Trick questions like this one help you weed out the bad guys from the good guys. The best digital agencies will understand that your definition of success is what truly matters and they will build their campaign around your specific needs.
Like question #1, above, a wrong answer to this question will show you where their attention is fixed. They could be making promises they can’t keep and trying to sound good without understanding your specific needs, or, better, consulting you on your focus.
7. What kinds of reports can we expect?
Sample reports from the agency will help you see how clear their communication is. If you can understand what the report says, how it is valuable, and how it tells you what is actually going on, then the agency will have won another point in their favor.
If however, the reports are confusing or you cannot see how the campaign benefits the client, then you may need to shop elsewhere.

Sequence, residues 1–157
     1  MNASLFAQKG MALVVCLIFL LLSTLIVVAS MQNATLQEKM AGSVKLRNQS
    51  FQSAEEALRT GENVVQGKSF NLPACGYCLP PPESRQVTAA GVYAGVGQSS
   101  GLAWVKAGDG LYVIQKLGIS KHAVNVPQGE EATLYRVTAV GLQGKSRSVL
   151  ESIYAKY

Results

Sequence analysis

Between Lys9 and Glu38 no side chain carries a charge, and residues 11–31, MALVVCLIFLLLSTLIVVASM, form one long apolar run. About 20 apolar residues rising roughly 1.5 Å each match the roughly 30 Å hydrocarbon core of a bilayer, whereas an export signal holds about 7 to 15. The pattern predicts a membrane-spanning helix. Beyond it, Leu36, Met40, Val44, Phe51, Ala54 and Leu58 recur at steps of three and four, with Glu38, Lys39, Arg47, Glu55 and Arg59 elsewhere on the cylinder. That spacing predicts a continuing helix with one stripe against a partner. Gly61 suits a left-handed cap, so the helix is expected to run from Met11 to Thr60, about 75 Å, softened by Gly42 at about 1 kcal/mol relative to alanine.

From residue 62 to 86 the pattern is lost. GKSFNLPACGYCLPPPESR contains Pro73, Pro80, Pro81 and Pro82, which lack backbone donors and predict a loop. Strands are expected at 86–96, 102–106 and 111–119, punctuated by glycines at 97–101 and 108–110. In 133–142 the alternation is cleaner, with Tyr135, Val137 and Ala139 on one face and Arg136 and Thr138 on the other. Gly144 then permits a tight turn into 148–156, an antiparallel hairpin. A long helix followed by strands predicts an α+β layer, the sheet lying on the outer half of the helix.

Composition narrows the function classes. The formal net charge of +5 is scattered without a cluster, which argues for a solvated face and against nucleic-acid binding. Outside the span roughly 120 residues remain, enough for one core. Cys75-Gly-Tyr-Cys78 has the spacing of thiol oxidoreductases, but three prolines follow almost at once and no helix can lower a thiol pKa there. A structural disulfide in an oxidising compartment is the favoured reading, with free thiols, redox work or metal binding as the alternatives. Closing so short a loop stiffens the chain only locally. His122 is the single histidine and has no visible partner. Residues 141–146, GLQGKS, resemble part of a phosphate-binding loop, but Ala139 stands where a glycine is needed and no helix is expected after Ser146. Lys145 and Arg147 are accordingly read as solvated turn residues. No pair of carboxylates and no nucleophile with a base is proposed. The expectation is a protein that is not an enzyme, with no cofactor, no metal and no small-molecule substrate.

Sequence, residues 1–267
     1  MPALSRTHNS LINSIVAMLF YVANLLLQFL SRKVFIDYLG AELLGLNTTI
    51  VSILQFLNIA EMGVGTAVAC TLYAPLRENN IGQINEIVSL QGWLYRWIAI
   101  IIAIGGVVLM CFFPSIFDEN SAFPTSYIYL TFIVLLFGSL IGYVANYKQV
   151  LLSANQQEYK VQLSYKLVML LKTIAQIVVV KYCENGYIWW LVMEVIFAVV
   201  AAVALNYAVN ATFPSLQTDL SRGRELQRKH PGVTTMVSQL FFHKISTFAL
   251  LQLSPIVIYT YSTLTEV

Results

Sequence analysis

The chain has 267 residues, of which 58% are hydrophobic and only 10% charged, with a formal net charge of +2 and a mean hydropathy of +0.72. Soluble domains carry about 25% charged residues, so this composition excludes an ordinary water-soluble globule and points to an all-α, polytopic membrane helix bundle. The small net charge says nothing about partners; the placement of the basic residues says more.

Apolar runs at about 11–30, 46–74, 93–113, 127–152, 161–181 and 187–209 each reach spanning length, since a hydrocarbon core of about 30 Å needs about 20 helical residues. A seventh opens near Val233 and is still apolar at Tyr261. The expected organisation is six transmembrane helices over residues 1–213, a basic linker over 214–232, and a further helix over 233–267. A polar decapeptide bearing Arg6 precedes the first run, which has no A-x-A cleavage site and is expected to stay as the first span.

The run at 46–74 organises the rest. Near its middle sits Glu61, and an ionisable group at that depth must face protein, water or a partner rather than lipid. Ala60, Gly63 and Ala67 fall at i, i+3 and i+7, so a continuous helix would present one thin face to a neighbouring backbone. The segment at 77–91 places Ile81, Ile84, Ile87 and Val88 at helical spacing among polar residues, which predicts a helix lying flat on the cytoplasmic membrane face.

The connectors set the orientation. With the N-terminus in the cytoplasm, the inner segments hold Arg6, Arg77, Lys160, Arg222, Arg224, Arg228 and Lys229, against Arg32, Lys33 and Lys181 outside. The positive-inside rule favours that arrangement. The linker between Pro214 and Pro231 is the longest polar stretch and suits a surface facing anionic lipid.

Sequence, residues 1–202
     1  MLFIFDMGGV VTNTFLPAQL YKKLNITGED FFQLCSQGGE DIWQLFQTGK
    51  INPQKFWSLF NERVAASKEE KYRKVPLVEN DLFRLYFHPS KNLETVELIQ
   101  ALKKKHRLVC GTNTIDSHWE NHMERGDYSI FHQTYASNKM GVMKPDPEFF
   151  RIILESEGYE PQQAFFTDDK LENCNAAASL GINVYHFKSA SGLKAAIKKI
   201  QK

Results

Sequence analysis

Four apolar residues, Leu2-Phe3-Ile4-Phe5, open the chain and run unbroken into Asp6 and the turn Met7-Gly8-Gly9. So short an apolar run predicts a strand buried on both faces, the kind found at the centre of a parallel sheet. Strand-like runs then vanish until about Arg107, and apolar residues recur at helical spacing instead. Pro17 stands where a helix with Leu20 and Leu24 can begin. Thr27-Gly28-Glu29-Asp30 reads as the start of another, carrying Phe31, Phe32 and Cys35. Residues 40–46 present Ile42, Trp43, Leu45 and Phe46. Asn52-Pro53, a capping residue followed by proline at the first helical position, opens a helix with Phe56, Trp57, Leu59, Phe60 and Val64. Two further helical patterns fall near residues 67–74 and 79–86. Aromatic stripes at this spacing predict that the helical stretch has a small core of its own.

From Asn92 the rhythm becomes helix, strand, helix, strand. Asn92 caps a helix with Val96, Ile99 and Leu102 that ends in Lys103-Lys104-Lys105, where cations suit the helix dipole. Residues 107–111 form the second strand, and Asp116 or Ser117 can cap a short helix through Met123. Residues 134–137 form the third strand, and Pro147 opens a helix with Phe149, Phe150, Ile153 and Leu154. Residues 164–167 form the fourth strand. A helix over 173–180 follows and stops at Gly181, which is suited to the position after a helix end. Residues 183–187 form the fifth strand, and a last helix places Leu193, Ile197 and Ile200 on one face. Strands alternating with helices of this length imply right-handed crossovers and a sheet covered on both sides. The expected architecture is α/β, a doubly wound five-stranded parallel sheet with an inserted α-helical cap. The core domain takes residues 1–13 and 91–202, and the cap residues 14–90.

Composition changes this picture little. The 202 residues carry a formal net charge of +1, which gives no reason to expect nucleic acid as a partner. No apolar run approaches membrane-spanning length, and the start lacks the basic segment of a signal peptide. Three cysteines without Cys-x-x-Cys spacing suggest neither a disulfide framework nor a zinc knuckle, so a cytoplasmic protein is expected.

8. What experience do you have with our industry?
If an agency has zero experience working in your industry, they had better know an awful lot about your industry from their own research before your first meeting. They need to be as close to an expert as possible. If they get all the highlights correct, but misunderstand some of the nuances, you may still be able to work with them, depending on how readily they accept your correction of their misunderstanding. Such humility will show an eagerness to learn, which will count in their favor. If they gloss over their mistake and try to cover it up, they lose points.
9. What will you do to understand our business and to adapt your strategy to our brand and industry?
The agency needs to understand how you generate the bulk of your revenue. They also need to understand the scope of your target market — 20 zip codes in Southern California or the entire nation or even the world.